I also participated in the NASA NEW Share-a-Thon on Saturday whereby past participants of the NEW workshops shared with prospective applicants activities and projects we had learned ourselves.  I was very nervous.  I had brought two activities to share:  film canister rockets (which turned out to be a familiar favorite for many) and Geometry of Moon Phases – a hit!  There were so many attendees, I ran out of handouts!  It felt really good to share my ideas with others.  Even other NEW alumni enjoyed the moon activity.  Wendall Mohling (NSTA Coordinator for NASA) and Christina Gorski were very appreciative of our participation and gave us small thank you gifts (NEW lapel pin, a patch, and a coffee mug).  Very Cool!
 
The highlight of the trip was above all the CESI luncheon on Saturday.  The council members were so genuinely excited to meet me.  I could not believe how special they believed me to be.  The CESI/CIBA award, I learned, is their highest honor.  When Patrick and I arrived, we were quickly ushered in (despite the huge line of people who had purchased tickets).  After we were shown our seats at a reserved table near the podium, I was quickly introduced to Barbara Morgan, the luncheon speaker and next teacher in space.  She was as excited to meet me as I was to meet her.  Everyone was giving me hugs and shaking my hand.  It was a little overwhelming.  When I looked over the luncheon agenda, I discovered that Bill Nye was also being presented an award.  My name was on the same agenda as his!! Wow! I am still in awe.  There were nearly 400 people at the luncheon including Connie & Bonnie (fellow JPL NEW alumni) … it was great to see them. 
When Barbara Morgan gave her address, she said, “Isn’t it wonderful to have bright, young people like Eva Varga teaching?”  I was so honored.  People I didn’t know were taking my picture as I was presented my award. As the luncheon came to a close, others came to shake my hand and congratulate me.  A retired woman even gave me the microscope she won during the raffle, “You’ll need this more than I, dear.  Besides, I don’t really want to pack it home.”  How delightful! 🙂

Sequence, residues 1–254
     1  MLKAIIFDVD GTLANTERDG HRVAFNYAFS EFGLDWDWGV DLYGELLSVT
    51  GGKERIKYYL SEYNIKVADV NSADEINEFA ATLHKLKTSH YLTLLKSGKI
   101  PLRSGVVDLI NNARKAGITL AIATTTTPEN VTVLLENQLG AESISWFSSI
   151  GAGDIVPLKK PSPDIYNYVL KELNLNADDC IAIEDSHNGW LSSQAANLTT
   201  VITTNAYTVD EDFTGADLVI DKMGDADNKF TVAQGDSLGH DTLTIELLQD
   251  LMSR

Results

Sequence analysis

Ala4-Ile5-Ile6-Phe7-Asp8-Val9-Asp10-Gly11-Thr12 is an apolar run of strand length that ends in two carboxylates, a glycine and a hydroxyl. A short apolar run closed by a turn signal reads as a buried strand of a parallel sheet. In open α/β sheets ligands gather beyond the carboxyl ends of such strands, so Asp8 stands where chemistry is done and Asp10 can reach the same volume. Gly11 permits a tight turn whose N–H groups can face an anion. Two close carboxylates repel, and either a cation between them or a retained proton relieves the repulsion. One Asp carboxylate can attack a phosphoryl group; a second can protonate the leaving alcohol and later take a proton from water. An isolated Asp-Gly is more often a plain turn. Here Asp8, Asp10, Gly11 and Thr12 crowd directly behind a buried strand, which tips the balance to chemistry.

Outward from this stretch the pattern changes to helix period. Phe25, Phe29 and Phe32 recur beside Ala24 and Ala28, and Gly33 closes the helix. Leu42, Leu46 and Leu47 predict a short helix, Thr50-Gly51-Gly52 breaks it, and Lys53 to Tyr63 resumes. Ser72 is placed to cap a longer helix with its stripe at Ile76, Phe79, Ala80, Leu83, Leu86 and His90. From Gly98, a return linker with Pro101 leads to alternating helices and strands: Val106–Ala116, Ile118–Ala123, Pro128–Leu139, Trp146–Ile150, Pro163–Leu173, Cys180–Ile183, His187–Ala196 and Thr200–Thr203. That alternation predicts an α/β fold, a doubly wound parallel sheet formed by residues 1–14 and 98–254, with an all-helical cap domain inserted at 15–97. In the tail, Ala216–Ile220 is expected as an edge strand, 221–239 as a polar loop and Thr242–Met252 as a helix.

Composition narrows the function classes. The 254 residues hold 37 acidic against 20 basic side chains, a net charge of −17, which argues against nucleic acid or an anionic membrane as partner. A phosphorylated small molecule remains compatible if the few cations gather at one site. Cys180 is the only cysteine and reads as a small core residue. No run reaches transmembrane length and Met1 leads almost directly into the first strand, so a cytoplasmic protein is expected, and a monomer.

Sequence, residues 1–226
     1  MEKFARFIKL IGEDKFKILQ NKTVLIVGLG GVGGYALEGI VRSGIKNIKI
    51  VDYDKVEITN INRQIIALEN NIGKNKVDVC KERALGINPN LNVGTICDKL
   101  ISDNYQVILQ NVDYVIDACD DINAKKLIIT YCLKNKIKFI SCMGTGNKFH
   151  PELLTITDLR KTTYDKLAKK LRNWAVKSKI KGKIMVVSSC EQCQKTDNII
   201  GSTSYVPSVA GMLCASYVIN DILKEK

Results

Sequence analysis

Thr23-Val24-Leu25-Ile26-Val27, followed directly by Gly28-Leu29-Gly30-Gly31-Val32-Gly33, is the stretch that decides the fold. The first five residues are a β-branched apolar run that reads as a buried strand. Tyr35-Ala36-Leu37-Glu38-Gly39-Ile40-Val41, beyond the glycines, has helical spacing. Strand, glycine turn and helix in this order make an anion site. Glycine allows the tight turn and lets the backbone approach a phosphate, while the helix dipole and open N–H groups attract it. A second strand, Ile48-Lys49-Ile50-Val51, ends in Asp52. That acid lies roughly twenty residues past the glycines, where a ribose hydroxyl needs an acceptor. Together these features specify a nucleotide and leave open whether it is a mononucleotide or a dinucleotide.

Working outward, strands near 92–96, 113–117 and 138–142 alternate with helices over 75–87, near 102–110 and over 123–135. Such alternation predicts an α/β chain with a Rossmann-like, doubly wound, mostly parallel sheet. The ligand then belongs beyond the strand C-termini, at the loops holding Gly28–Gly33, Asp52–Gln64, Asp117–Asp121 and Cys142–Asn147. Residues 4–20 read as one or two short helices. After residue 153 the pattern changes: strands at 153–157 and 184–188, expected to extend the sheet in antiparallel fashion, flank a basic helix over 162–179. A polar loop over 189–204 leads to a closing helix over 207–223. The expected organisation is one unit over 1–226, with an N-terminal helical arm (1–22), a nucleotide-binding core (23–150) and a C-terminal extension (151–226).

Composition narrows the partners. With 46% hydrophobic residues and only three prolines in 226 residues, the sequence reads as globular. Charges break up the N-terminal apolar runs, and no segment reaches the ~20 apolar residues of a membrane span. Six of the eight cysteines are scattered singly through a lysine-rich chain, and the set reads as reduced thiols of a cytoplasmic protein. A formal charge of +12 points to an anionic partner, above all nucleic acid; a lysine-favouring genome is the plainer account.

A few people even recognized me in the exhibit hall and came up to express their good wishes.  “Eva, you are such an inspiration.  Congratulations on your award.  You certainly deserve it.”  I never would have guessed the scale to which this award would be recognized.  I have truly been blessed.  The benefits will continue as the new relationships I’ve developed promise to open doors for me in the future.
 
In the word of Bill Nye, “Science teachers, like Eva Varga, are what keep the PB and J in teaching .. Passion, Beauty, & Joy.”

I share this with my readers in the hope that you will be inspired yourself to pursue your passions.  I have come to realize I miss this part of my life – the professional me.  I am thereby taking strides to bring her back.  Look forward to great things to come as I share my experiences and skills more regularly.

Have any of you attended conventions?  Perhaps a homeschool convention or blogging conference?  Perhaps you have attended conferences focused on specific interests or hobbies like stamp collecting, knitting, or jewelry.  I’d love to hear about your experience.